Interested in growing my own beer garden

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Chris N

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Hi,
I am interested in growing my own beer garden and was wondering where I can find seeds,yeast, etc for the needed ingredients to grow/culture on my own?
I am interested in brewing weissbier beer, I have the recipe for Paulaner.
Thank you very much! Take care.
Chris
 

Dr_Jeff

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You will need to be able to grow barley, wheat in sufficient quantities for whatever duration that you are planning to have supplies for, that would be a yield per acre for each, dependent on all sorts of environmental conditions and your ability to harvest it. The you would have to malt it. Hops would also need to be grown, yield varies for first year production, usually better on subsequent years. You will need some yeast to start with, this is the easiest part, you can buy some and carefully culture it up to larger amounts.
 

camonick

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where I can find seeds,yeast, etc for the needed ingredients to grow/culture on my own?
The best way to get useful replies when asking questions like this is to give a general location of where you live in your original post and it can also be included in your bio so others can see anytime. Cereal grains typically aren’t grown on a garden scale, but it could probably be done. Harvesting and threshing the grains could be challenging and time consuming. How much space do you have available for your “garden”?
 

camonick

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Doing some fast and dirty calculations based on the yields where I live (dry land farming in northeast Colorado), here are some figures. To grow 1 bushel of raw wheat (60 pounds) you’ll need approximately 850+ square feet of fertile soil and about 120 days. For 1 bushel of raw barley (48 pounds) you’ll need close to 1000 square feet and about 90 days. Yields can vary greatly depending on geography and growing conditions. Maybe @grampamark could elaborate or correct my figures.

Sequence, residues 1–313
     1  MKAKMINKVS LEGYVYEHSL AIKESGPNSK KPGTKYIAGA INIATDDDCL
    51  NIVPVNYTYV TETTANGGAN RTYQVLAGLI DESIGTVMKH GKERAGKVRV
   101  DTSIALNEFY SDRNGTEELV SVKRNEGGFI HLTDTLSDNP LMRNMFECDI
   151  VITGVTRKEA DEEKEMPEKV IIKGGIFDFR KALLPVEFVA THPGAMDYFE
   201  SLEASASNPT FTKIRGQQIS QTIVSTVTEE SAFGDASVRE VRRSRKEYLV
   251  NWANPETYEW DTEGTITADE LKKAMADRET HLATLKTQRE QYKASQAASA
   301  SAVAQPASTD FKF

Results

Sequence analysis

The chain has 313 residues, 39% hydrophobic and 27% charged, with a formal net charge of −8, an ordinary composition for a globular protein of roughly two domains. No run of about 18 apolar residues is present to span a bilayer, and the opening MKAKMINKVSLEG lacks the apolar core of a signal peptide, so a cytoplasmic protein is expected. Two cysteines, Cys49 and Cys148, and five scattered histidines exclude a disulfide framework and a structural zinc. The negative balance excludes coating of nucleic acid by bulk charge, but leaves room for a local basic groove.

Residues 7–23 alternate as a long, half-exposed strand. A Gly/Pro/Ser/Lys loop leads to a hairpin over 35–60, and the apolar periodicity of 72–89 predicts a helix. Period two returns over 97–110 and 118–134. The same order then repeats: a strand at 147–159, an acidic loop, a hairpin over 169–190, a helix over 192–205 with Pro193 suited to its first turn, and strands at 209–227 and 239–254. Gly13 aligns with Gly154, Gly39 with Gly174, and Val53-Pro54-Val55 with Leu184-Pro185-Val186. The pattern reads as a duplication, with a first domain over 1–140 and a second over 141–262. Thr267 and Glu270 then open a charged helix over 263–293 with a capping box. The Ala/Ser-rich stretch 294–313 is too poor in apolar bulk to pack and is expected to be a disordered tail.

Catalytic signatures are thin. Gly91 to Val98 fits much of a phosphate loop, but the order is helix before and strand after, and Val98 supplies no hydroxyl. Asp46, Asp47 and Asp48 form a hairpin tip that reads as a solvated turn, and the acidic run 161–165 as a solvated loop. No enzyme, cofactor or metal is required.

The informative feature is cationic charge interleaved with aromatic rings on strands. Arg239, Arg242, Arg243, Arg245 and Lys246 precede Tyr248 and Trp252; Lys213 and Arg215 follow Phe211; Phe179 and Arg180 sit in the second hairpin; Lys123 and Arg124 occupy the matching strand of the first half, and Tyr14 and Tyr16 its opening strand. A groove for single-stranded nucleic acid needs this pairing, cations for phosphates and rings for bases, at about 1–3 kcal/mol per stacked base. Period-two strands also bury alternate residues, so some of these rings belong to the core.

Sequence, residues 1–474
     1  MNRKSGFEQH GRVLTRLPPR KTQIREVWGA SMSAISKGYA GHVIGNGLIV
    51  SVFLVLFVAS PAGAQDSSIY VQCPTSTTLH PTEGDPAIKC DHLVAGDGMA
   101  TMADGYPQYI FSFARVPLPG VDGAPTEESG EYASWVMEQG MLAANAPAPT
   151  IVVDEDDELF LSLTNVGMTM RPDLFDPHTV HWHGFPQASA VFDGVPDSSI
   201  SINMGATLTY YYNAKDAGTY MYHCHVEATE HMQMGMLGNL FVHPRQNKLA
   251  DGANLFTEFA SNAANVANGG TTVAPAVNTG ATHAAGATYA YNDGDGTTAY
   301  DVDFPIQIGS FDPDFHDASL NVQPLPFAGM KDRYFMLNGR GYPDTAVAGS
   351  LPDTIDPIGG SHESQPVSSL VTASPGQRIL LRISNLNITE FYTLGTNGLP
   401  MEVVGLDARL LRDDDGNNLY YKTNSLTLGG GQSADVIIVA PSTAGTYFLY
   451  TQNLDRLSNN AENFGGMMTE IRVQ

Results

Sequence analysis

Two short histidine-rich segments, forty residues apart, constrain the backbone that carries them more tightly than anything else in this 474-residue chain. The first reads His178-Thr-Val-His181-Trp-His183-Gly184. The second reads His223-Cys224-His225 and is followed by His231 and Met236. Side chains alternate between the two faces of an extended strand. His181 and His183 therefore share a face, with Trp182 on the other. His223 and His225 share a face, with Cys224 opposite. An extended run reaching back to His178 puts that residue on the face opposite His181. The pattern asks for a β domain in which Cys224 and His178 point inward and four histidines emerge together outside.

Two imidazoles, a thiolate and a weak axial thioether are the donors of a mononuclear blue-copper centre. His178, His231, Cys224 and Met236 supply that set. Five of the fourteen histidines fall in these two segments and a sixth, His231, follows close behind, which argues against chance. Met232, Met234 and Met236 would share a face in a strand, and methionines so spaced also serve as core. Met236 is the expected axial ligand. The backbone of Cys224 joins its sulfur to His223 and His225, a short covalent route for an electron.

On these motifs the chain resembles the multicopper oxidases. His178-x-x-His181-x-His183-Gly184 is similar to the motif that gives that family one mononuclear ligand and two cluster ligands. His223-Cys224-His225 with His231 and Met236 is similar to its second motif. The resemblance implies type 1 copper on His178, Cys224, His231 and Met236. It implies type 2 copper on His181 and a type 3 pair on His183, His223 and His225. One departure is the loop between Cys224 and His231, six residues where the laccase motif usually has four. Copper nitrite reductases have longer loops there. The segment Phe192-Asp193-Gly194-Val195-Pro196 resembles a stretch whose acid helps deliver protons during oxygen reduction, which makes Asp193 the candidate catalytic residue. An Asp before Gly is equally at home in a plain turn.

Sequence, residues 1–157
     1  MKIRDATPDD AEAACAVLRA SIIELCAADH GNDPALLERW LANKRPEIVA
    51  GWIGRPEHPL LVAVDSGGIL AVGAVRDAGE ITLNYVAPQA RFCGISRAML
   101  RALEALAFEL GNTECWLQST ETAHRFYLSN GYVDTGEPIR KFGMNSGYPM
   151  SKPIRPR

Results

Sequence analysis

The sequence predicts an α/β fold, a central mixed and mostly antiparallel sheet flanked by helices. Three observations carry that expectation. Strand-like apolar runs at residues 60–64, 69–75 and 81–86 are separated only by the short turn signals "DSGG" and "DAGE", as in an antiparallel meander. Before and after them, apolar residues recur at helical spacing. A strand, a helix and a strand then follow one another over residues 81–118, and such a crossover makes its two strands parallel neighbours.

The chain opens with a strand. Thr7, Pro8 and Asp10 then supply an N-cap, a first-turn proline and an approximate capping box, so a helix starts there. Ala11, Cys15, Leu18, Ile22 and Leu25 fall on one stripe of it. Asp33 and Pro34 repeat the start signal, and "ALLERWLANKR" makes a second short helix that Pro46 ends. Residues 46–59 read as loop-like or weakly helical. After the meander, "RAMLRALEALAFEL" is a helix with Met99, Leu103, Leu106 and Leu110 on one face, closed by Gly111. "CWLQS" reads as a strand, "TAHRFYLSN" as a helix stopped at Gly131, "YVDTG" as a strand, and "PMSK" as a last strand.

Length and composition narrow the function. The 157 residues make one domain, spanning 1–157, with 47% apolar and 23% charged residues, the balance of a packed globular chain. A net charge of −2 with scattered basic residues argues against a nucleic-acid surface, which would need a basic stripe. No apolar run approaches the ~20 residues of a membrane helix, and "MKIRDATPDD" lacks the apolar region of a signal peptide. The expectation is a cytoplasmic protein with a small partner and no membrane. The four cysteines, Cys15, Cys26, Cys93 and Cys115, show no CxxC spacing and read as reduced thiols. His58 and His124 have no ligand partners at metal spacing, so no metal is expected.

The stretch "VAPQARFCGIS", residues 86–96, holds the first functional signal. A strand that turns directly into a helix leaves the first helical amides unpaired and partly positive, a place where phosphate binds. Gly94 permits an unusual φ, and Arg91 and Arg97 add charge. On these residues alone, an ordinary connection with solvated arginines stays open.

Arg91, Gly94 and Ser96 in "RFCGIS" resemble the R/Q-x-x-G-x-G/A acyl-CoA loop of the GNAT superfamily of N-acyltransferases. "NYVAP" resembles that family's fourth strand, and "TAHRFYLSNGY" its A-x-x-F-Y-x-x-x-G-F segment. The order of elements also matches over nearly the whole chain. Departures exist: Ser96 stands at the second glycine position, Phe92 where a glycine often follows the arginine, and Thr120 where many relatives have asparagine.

grampamark

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The numbers provided by @camonick are pretty good, ballpark, estimates. As he noted, your location will make a big difference in what you can expect. If you’re contemplating doing this on a rooftop garden scale- well, you may have to lease space on some adjacent rooftops. :cool:

The cereals which fall under the designation “small grains” can, and are, used for brewing. These would include wheat, barley, oats, rye, and some less common cereals such as spelt and triticale. So called “coarse grains“, such as corn and grain sorghum, are also used in brewing. Any of these crops are going to require between 500 and 1000 square feet to produce around a bushel of grain. The amount of work required to plant, tend, harvest, and process your crop will make this the most expensive way to produce beer on the homebrew scale, even if you only value your time at minimum wage level.